Start at the Hog Island Oyster Company (get there when it opens) for a quick 6 and a Sancerre, work your way to Boulette’s Larder for a European-kitchen-inspired lunch, go by the wine store for a tasting and to browse their stacks, relax outside to people watch at MarketBar (backup for breakfast if you get there early) and have a cocktail (or dinner) at Slanted Door (rsvs recommended). While strolling, don’t miss the Beekind honey tasting stand , Happy Girl Kitchen (pickled dilly beans and zucchini will make your eyes roll in delight), the macarons at La Miette (organic and they give even Laduree a run for their money), and/or the Humphrey Slocumb ice cream stop and the Cowgirl Creamery, a local cheese maker Alice Waters style. Delicioso!
Besides some of the regional big names you will find small artisanal vendors in little kiosks sharing their wares. One such person is Van Dao of the Biscuit Bender, who creates wonderfully fresh and inventive biscuits on a daily basis. He accompanies the biscuits with an offering of unique jams that pair perfectly.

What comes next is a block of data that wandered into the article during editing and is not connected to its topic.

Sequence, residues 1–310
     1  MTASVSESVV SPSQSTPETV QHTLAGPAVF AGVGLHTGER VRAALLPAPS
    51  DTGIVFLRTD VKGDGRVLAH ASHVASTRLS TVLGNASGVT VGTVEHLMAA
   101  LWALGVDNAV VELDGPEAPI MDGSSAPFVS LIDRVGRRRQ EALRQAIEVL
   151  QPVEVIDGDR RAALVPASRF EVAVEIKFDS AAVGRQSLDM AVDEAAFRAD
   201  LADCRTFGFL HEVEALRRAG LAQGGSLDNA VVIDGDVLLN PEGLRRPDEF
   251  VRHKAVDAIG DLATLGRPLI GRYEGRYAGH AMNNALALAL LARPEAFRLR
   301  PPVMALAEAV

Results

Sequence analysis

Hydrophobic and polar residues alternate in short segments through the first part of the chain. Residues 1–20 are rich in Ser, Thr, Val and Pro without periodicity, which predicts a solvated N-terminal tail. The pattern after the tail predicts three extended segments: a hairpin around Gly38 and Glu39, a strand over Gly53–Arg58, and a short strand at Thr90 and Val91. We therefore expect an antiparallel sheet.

The food is wonderful, but the proprietor also adds his own unique flair which completely illustrates the celebration of warmth and diversity not only in the Ferry Building—where they hold a wonderful farmer's market every week—but of the city of San Francisco itself.
Warm up with coffee and friends inside the Ferry Building. The bridge is best seen from the piers along the Embarcadero, San Francisco's East waterfront.
One of the few cultivators of organic mushrooms that are both exotic and flavorful, Far West Funghi is a labor of love by the Garrone family in California who have been in the specialty mushroom business for 25 years.
Unveil your inner geek by identifying which countries these mushrooms come from (for example, organic Reishi hails from China, while the Matsutake is a pine mushroom from North America). You can pick up a box of assorted mushrooms and experiment with various recipes too.
This historic building that sits on the bay was long the hub of San Francisco's ferries, bringing commuters to the city from the East Bay and Marin County. As ferry service declined, so did the building, although its tower, modeled on the Giralda in Seville, remained one of the city's iconic landmarks. In 2002 the Ferry Building was renovated and became the home of a farmers market selling local fruits, vegetables, oils and nuts. While the market is open only on Tuesdays, Thursdays and Saturdays, you can sample some of San Francisco's best cuisine here every day of the week. Leading restaurants like Gott's Roadside, Hog Island Oyster Company and others are represented by Ferry Building locations.